For the international community, Pakistan’s Khyber Pakhtunkhwa and its tribal areas are a cocktail of terror. What perhaps gets ignored, or overlooked, is how often this regional belt has produced famous sportsmen, known today across the sporting world for their skill.
One wonders why sports were never made part of the National Action Plan, initiated after the tragedy at the Army Public School in December 2014. After all, sports are an effective means to combat terrorism as well as to nurture people to people contact.
The recent announcement by the Federation for International Cricketers’ Association, recommending international cricketers to avoid travelling to Pakistan, is a big blow to the country’s efforts. With Pakistan waging a war against militants and sacrificing over 50,000 people, the global sporting community should play its part and end its unofficial boycott of Pakistan. The association should encourage, not discourage, international stars to participate in the second edition of the Pakistan Super League T20 tournament, the final of which is expected to be played in Lahore.
Cricket diplomacy has proven to be an important political tool. In the past, it helped reduce a war pitch between rivals India and Pakistan. And it is primarily for this reason that it is taken hostage by India to further its foreign policy agenda.
Sports, if made part of the anti-terror strategy, could help engage the youngsters in Pakistan and provide a healthy outlet. It could be effective in reducing sectarian, ethnic and political divisions. Unfortunately, sports have never been a priority of any government. Paradoxically, Karachi’s Lyari area has produced boxers and footballers of world fame, some of whom later become involved with gangs or in the drug trade. The Peoples Stadium, located in Lyari, was once host to a killing field, when one gang kicked around the decapitated heads of its rival faction.
Cricket players, regarded as heroes, lit up the faces of students at the Army Public School when Shahid Afridi, Younis Khan, Umer Gul, Junaid Khan and others visited. An even better example of the fervor is Imran Khan, who today is the most popular leader for the Pashtoons due to his cricket background. When he first entered politics, Khan would avoid talking about his days on the field, but he soon realized that was one reason people flocked to see him. Now, his World Cup 1992 victory is broadcasted on large screens during his political rallies.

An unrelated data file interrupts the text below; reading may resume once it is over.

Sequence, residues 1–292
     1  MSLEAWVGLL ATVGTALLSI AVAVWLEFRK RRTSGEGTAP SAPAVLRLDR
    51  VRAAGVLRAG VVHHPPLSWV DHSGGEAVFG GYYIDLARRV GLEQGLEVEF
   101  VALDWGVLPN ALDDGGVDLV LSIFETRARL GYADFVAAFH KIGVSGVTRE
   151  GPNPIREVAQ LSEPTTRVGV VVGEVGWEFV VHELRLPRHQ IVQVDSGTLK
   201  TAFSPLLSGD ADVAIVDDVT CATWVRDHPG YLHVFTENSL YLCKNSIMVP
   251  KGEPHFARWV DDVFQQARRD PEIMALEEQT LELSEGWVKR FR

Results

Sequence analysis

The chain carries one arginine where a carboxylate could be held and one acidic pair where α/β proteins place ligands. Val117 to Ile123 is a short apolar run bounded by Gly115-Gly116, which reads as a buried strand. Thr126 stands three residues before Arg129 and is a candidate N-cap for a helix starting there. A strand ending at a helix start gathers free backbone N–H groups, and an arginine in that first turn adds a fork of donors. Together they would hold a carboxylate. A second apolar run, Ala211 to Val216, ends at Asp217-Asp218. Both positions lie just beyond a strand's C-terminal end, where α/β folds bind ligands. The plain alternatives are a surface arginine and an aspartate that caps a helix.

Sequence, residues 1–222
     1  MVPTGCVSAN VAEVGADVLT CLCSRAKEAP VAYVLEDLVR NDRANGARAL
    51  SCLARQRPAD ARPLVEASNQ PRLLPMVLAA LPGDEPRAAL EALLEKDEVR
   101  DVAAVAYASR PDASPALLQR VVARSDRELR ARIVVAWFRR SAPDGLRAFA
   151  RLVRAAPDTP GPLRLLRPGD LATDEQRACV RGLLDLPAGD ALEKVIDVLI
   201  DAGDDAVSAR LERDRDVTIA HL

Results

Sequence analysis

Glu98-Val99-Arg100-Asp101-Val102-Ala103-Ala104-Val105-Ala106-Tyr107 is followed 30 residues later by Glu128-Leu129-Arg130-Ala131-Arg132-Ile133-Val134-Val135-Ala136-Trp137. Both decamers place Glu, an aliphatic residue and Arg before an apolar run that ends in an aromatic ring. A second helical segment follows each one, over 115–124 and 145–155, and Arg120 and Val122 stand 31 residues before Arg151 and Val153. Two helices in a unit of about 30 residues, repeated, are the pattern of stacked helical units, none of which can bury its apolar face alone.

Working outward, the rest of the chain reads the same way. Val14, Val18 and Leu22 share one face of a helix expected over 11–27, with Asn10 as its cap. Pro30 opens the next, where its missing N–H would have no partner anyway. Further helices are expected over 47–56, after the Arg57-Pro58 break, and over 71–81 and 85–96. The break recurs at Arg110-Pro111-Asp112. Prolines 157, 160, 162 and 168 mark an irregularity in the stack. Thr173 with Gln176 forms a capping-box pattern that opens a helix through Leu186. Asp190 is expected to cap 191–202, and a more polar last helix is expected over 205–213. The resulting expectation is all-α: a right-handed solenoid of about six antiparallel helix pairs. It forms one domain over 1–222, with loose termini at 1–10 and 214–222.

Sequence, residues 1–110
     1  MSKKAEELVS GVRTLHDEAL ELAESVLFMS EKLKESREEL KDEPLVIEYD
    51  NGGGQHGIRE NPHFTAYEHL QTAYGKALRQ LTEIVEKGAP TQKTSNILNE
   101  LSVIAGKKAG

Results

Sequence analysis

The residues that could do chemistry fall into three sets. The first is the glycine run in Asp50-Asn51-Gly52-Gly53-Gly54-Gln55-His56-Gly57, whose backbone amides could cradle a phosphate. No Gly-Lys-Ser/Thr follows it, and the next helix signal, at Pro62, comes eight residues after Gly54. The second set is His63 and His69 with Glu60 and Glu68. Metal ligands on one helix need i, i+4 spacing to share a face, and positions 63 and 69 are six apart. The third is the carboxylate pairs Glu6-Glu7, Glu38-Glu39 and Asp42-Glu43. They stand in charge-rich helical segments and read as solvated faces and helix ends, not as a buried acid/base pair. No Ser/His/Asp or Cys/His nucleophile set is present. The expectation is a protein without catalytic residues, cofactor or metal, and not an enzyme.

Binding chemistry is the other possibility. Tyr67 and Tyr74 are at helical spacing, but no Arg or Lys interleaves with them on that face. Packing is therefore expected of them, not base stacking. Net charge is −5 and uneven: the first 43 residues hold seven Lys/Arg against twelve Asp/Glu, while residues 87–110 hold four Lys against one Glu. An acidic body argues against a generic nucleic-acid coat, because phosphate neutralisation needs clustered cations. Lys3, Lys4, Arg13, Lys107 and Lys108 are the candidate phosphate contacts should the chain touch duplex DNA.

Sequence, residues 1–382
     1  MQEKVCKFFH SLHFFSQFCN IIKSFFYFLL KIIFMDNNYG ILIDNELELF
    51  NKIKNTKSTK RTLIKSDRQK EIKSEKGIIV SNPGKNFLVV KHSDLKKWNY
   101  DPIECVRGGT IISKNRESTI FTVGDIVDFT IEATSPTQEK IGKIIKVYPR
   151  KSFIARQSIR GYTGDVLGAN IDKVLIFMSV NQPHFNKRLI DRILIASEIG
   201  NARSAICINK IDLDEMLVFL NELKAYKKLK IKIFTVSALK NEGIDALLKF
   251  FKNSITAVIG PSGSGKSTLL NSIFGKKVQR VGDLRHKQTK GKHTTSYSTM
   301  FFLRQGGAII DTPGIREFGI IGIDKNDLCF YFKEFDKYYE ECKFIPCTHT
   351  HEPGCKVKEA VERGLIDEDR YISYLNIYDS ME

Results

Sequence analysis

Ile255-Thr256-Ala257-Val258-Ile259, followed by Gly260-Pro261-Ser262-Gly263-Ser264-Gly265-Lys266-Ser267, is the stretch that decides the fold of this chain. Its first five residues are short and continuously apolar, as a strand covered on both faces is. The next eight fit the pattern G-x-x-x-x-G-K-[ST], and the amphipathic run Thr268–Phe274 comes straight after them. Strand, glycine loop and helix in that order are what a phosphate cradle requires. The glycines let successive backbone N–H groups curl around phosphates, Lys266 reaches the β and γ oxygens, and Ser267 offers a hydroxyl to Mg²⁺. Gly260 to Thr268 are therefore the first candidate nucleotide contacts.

Had previous governments, including that of retired General Pervez Musharraf, Asif Ali Zardari or Prime Minister Nawaz Sharif spent even a small amount on promoting cricket at the grass root level, therefore in school and colleges, it would have played an important role in combating terrorism.
Pakistan’s stadiums are now empty. Its people are desperate to bring cricket back home. International sports associations are not helping by isolating the country and its players.
The 2009 attack on the Sri Lankan cricket team was a one-time incident. Cricket has not been threatened thereafter. In fact, there are hints that the attack had much to do with Sri Lankan’s own war against the militant group of Tamil Tigers rather than Pakistan’s instability.
Our civil and military leadership must formulate the policy of promoting sports locally. Here are some suggestions from where it can start:
(1) Cricket, hockey and other sports should be re-introduced in school and colleges across Pakistan. Regular inter-school and college competitions should be held.
(2) Create a special sports department in the government and private sector.
(3) Rolling media coverage to promote individual sports.
(4) Allow players, other than cricketers, to go abroad to increase exposure.
(5) Pakistan must take this matter to the international forum, including the United Nations, to make sports a part of its war against terrorism.
Looking back, Pakistan was once at the top in the sporting world. It had ranked and celebrated players in squash, hockey and cricket. Today, not much of that legacy is left. We are struggling. Our athletes have never seen darker days. It’s time the prime minister, the army chief and the parliament sit up and take notice.
To build a terrorism-resistant community, Pakistan needs sportsmen as much as soldiers.